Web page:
Step Two: This is the hardest part. Apple very much does not want you to open your iPod Classic. I failed completely. A friend of mine who repairs computers failed completely. I finally wound up taking the whole pile of parts to a local Mac repair shop. They opened the iPod, swapped the drive for my Solo+512GB microSD card, and reassembled the device. Best $30 I’ve spent all year.
Step Three: At this point, if all you wanted to do was replace a failing hard drive with and SD card, you’re done. Plug the iPod into your computer, let iTunes format it, and you’re all set.
Unfortunately, if you wanted to increase the capacity of the iPod, you’ve got more work to do. Take another look at that picture. “127 GB Free”. What happened to the rest of my 512GB?
Well, back in those long-ago days, operating systems couldn’t easily deal with drives larger than 128GB. There were some tricks available (hence that 160GB iPod Classic), but they were very limited.
So, to take advantage of that new space, you have to replace Apple’s iPod software with something more modern. Like Rockbox. Specifically, Rockbox for the iPod Classic.
Let’s extend our steps a bit.
Step Four: Install Rockbox. It’s easy. Plug in the iPod to your computer, download and run the installer. Whoops, forgot a step.
Step Three Point Five: Rockbox doesn’t recognize the Macintosh disk format. So you need to use iTunes on Windows to format the iPod. Launch iTunes, plug in the iPod, and say “Yes” when iTunes asks if you want to initialize the iPod.
Okay, back to Step Four. You can take the defaults on the installer. Select your iPod and follow the prompts. You will have to reboot the iPod at one point, but don’t worry, the Rockbox installer will tell you when to do it and how.
Once Rockbox is installed, you’ll see this:
Yup, still only seeing 128GB. That’s because we have to reformat the iPod to use the entire SD card. So, on to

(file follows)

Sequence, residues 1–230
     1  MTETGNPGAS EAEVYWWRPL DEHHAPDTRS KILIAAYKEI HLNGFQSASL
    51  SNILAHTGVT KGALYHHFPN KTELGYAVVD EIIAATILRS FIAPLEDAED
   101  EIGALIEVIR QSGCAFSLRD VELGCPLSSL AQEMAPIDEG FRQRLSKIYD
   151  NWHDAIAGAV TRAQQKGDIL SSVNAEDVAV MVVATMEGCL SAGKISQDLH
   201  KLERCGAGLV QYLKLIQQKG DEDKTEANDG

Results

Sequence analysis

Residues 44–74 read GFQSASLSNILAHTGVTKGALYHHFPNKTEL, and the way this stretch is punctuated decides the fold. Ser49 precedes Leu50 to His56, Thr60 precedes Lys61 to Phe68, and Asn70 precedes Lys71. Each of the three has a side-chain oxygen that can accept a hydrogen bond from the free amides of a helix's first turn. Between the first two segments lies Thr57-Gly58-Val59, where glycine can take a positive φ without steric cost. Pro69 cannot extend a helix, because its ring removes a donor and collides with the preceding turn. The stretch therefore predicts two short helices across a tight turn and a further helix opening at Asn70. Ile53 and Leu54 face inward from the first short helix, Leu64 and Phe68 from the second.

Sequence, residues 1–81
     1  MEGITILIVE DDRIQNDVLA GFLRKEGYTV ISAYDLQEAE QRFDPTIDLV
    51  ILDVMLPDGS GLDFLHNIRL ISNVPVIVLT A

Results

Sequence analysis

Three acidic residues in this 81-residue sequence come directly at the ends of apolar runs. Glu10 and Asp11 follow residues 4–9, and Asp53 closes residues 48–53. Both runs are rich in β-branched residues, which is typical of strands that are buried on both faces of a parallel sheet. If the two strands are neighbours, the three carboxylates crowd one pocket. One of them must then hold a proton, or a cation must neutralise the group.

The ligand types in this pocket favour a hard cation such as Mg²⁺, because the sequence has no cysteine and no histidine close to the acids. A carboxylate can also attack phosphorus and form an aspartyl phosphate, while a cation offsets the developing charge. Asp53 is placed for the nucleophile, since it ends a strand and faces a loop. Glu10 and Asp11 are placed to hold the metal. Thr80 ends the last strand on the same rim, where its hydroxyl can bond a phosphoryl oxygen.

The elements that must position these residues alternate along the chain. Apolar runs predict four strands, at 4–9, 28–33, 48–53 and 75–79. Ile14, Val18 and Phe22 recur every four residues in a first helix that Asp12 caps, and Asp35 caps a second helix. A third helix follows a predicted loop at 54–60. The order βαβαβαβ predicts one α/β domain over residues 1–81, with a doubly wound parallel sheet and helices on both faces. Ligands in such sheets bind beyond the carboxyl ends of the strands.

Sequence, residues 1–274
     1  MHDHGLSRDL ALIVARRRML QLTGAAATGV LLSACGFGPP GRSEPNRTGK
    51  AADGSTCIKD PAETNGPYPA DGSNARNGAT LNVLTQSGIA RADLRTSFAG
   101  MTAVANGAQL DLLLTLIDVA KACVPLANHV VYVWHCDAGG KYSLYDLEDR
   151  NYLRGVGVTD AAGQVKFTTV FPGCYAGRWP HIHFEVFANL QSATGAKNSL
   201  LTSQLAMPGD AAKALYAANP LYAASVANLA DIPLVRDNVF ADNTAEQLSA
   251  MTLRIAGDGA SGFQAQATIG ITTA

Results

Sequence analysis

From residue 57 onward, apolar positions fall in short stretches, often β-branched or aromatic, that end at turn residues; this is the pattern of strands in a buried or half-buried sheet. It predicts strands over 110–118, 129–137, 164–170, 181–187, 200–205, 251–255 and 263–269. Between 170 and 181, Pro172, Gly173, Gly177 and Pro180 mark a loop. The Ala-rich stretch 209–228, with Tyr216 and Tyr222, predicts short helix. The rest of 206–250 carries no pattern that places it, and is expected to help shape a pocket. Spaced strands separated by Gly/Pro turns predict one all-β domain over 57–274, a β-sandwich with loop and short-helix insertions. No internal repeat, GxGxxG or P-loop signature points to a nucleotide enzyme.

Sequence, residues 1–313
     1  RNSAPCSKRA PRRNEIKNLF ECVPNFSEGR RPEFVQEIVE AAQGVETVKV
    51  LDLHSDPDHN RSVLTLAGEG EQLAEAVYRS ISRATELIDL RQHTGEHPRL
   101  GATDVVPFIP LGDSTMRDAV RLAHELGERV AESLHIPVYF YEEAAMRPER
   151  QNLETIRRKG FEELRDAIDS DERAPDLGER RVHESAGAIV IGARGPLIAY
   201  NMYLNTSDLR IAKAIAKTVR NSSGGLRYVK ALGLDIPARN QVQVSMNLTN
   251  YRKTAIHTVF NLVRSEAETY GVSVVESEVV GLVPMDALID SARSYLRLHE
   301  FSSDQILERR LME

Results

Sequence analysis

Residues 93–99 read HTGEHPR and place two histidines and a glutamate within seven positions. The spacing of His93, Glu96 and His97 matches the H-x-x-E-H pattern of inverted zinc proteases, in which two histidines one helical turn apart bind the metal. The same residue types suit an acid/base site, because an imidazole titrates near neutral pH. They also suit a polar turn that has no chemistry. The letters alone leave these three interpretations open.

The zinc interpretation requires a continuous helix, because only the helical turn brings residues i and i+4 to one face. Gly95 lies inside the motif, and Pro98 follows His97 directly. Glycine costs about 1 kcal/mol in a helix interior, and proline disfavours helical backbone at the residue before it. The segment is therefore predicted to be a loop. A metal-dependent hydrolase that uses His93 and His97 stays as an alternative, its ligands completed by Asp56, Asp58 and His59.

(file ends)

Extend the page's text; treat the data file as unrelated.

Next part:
Step Five: This is the tricky bit. The iPod needs to be formatted in FAT32*. Unfortunately, Windows won’t let you format a drive larger than 32GB in FAT32. There are a number of programs that will let you get around that restriction. Google is your friend here. Or use a Mac and choose “Windows (FAT)” as the format.
Don’t worry about what these names mean. They’re just different ways to lay out the data on a drive.
- Using Windows File Explorer or Mac Finder, copy the folder “.rockbox” from the iPod to your desktop. This folder is where Rockbox stores its configuration. Without it, your iPod won’t boot to the point of being able to play music.
- Format the iPod.
- Copy the “.rockbox” folder back from your desktop to the iPod.
Ta-da! (Let’s not go into why a 512GB SD card only gives you 462GB of storage.)
Step Six: Load up your iPod. You’ll find that it is much faster. (Quieter, too.) Which is not to say it’s fast. The connection is still USB2, which puts an upper limit on how quickly your music can be copied. But you can always start the copy and let it run overnight.
That took about twelve hours. But I’ve still got more than a quarter of the SD card free. I figure I shouldn’t need to upgrade the storage for at least another six months.
(Oops. Just realized I forgot to set the iPod’s clock. I’ll go do that now.)
Anyway, total cost of the upgrade was well under $200. That’s less than a 32GB iPod Touch. (The current top of the line iPod Touch will run you $400 for 256GB.) Makes the math easy, doesn’t it?